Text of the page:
A new focus in the new year

January 7, 2012

“Better the devil you know than the devil you don’t know.”

Maybe and maybe not. Sometimes sticking with that familiar devil is worse than taking a leap into uncharted territory–the devil you don’t know.

I’ve been an editor for most of my life, and I cut my editorial teeth on college textbooks when I worked for Scott, Foresman from 1984 to 1992. Educational publishing is familiar to me, and I’m very good at it. But textbook copyeditors don’t make much money, and the textbook publishing industry has become more unstable over the last couple of decades. At the end of December one of my biggest clients, McGraw-Hill, laid off most of the editorial production crew in their San Francisco office. I was in mid-project, and my contact person no longer works for the company. Her supervisor is still in the office, but she hasn’t answered my emails. And it appears that the three co-authors of this first-edition textbook have not been notified of the layoffs.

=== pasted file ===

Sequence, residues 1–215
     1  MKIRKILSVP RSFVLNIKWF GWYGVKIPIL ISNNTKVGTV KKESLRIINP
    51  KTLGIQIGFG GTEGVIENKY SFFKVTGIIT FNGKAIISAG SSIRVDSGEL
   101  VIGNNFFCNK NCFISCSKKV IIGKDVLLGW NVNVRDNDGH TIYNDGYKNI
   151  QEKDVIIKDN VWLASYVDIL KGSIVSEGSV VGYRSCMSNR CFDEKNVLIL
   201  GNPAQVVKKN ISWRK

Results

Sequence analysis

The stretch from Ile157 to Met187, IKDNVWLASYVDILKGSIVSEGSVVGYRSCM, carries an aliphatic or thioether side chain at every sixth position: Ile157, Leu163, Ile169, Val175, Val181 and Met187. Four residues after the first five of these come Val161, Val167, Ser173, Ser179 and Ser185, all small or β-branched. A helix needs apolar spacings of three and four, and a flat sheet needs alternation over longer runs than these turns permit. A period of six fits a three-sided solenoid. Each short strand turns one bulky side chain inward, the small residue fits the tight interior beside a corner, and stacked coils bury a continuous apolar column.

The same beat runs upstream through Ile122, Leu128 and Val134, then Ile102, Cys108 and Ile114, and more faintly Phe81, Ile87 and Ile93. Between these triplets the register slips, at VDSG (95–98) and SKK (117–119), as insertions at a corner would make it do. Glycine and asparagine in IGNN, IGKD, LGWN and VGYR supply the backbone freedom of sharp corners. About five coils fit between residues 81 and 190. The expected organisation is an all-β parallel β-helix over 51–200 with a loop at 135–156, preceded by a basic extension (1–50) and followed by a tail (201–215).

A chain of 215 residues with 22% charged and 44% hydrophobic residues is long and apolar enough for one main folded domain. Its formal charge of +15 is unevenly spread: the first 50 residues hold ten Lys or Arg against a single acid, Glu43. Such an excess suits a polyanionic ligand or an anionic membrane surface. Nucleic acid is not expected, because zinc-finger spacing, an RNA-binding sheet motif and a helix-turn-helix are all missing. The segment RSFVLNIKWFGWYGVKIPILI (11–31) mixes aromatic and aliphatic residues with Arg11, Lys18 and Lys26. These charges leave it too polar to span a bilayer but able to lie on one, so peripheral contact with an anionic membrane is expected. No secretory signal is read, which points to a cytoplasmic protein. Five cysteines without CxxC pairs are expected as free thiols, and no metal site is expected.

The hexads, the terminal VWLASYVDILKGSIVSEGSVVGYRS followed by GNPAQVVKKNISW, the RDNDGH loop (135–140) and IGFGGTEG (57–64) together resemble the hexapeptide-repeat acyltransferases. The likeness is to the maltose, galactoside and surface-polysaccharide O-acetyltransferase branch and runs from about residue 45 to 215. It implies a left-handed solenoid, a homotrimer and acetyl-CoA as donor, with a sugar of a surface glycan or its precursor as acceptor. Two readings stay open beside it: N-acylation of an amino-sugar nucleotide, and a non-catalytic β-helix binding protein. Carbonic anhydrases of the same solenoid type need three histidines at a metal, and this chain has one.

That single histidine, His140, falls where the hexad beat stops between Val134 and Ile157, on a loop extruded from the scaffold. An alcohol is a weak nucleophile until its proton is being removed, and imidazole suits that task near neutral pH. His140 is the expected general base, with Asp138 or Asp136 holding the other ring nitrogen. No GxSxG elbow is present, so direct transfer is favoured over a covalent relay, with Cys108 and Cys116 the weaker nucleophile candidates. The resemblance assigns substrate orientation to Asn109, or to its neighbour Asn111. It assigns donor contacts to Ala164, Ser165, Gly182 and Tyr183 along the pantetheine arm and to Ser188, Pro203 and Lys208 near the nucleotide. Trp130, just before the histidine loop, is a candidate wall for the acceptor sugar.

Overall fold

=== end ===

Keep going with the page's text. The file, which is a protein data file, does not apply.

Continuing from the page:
I’ve been diversifying my client base for several years now, and the mass layoffs at McGraw-Hill have motivated me to redouble my efforts to find new clients for B2B (business-to-business) editing and rewriting. In December I began editing proposals for a local architectural company. I like the work, it pays better than textbook editing, and the checks arrive more quickly. The “devil I don’t know”–ditching textbook publishing entirely–has become overwhelmingly more attractive than the alternative.

Are you looking forward to making changes in 2012? Ready to ditch the devil you know? If so, I’d love to hear from you!

 

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One Response to “A new focus in the new year”

  1. Claris Says:

    Good for you for “taking the plunge.” What I find most objectionable about this company’s actions is the complete lack of response and courtesy in answering email and notifying its business partners of upcoming changes. If all its human relationships are so dispensable, no wonder the company appears to be in financial trouble. It’s such an easy concept but so difficult for many companies to grasp: people first.


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